In the closing talk for this year’s IA Summit, I had a slide that explains the various layers that make up what we use the term “Information Architect” (or “Information Architecture”) to denote. I think it’s important to be self-aware about it, because it helps us avoid a lot of wasted breath and miscommunication.
But I also stressed that I don’t think this model is only true of IA. So please, feel free to replace “IA” in the diagram with the name of any practice, profession or domain of work.
To understand this diagram, especially the part about Practice, it helps to have a basic understanding of what “practice” is and how it emerges from a community that coalesces around a shared concern. The Linkosophy deck gets into that, and my UX as Communities of Practice deck does as well, while getting into more detail about the participation/reification dynamic Wenger describes in his work.
Here’s the model: I’ll do a bit of explanation after the jump.
Starting from the bottom:
1. IA as a thing: the object we work on, the material we work with. We might say “hey could you look at the IA
in these wireframes and see if it makes sense?”
2. IA as an activity: the literal act of working on the ‘thing’ … “doing” IA.
3. IA as a role: the “hat” you wear that says “I’m a person working on this at the moment” … like in baseball, for a while you’re a pitcher, then later you’re a batter. These are just temporary roles used to designate what activity you’re performing.
4. IA as a practice: the shared history of learning among people who affiliate strongly with the role over time.
5. IA is sometimes a title: but titles are really different … they’re not necessarily based on the actual work you do or the practice you affiliate with; they’re arbitrary labels assigned to you by some authority.
A title is something you give yourself, or that your employer gives you. But it very often has little to do with your actual job; and it especially rarely has anything to do with the practice with which you affiliate most closely. How many restaurant waiters are really actors? Waiting tables isn’t their preferred practice, but it may be the most official title they have.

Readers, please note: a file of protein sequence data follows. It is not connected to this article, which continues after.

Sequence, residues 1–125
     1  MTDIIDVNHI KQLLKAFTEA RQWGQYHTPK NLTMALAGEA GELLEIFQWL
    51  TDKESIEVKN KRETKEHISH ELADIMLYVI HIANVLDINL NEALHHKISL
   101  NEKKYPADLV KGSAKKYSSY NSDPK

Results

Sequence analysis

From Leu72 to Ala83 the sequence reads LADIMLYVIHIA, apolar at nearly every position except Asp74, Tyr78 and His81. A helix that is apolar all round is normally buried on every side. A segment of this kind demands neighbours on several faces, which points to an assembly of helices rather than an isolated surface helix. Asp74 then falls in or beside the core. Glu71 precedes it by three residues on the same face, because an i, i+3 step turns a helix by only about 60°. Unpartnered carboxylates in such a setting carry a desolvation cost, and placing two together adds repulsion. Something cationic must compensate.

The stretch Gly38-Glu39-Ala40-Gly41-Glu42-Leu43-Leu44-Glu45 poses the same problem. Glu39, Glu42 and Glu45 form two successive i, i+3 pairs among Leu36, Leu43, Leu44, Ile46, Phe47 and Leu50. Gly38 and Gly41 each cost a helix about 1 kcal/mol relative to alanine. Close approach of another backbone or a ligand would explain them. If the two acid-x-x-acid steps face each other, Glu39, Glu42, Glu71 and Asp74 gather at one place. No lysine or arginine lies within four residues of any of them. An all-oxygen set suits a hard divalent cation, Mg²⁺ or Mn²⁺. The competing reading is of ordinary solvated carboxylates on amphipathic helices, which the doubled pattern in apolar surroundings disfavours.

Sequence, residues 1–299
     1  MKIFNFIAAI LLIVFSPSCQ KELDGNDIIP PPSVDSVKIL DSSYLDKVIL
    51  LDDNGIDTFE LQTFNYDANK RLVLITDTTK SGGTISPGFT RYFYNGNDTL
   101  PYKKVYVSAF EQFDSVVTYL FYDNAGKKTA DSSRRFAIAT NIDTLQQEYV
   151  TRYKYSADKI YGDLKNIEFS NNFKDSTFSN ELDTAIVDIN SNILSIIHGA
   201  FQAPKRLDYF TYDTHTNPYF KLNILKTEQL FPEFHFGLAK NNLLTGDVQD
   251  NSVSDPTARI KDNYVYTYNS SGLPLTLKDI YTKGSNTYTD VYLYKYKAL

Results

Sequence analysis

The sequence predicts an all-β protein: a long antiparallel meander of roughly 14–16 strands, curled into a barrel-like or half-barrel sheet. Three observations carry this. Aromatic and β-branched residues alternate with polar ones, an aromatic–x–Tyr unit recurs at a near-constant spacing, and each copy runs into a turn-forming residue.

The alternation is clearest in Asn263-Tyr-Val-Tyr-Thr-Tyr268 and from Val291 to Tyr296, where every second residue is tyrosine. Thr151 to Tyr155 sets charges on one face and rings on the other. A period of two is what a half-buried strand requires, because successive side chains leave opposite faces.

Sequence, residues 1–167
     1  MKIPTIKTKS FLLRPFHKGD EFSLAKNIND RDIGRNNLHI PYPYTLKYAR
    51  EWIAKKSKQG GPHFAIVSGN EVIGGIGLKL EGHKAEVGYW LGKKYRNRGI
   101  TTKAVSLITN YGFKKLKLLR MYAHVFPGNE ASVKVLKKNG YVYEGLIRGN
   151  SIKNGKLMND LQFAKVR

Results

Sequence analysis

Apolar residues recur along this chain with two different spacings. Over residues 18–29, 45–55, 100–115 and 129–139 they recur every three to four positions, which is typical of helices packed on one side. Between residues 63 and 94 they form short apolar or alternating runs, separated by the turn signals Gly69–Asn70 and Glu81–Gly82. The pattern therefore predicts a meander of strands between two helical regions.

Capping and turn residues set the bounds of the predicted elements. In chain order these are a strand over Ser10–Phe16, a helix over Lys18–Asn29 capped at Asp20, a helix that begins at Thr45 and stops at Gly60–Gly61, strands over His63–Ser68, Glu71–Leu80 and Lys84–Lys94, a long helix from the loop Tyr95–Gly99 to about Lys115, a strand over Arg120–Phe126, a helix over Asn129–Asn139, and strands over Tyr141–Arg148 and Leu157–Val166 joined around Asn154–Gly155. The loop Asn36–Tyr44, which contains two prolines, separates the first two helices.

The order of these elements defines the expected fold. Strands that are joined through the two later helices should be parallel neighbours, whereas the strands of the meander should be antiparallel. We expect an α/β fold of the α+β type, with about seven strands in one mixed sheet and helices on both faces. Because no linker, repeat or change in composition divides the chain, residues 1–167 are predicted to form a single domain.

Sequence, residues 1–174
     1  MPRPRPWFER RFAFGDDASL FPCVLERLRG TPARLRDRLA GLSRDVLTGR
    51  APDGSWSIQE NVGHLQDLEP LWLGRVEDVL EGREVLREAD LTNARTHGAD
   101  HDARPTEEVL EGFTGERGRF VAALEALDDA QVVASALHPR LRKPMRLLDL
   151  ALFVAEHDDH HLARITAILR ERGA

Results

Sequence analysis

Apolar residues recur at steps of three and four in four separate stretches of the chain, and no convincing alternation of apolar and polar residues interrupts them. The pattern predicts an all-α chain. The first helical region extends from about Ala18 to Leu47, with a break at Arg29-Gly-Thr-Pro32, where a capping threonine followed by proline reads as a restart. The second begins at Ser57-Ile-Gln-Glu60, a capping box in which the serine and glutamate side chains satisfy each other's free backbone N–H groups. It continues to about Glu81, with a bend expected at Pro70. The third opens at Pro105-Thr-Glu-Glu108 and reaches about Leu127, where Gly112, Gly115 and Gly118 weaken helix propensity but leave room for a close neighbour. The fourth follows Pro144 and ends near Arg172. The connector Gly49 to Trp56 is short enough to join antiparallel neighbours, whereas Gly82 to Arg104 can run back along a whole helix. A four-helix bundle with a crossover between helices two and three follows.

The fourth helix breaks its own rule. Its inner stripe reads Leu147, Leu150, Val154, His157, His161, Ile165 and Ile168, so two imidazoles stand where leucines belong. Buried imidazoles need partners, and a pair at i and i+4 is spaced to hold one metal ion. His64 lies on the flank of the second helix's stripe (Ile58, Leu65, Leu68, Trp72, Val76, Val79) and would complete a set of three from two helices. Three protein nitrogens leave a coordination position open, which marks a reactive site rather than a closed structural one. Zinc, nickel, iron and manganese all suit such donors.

Now, the waiting tables example is an extreme, but many UX practitioners find themselves in jobs where much of their work isn’t even centered on UX … in fact, most of us put up with 50% bureaucratic junk just so we can use the other 50% doing real User Experience work, which is what truly interests us. Even within the UX family of practices, most of us wear multiple “hats” — play multiple roles — within our daily work.
Among UX practitioners, some of us gravitate more toward the IxD community and its obsessions, while some of us tend to focus more on the IA side of things, or the Usability/Evaluative sort of work. This is perfectly natural, because it’s a normal (and somewhat unavoidable) pattern of human behavior to form one’s identity in part based on a chosen practice. Etienne Wenger has said that practices are natural “homes for identities.”
We get bent out of shape and very emotional about debates around practice definition mainly because of this very human dynamic where our practice-of-choice becomes a big part of our identities.
But some perspective is in order, especially now that so many practices can’t work in ivory silos anymore — the new, accelerated culture that’s been catalyzed and enabled by the Internet demands that we get over ourselves and learn how to work with other tribes.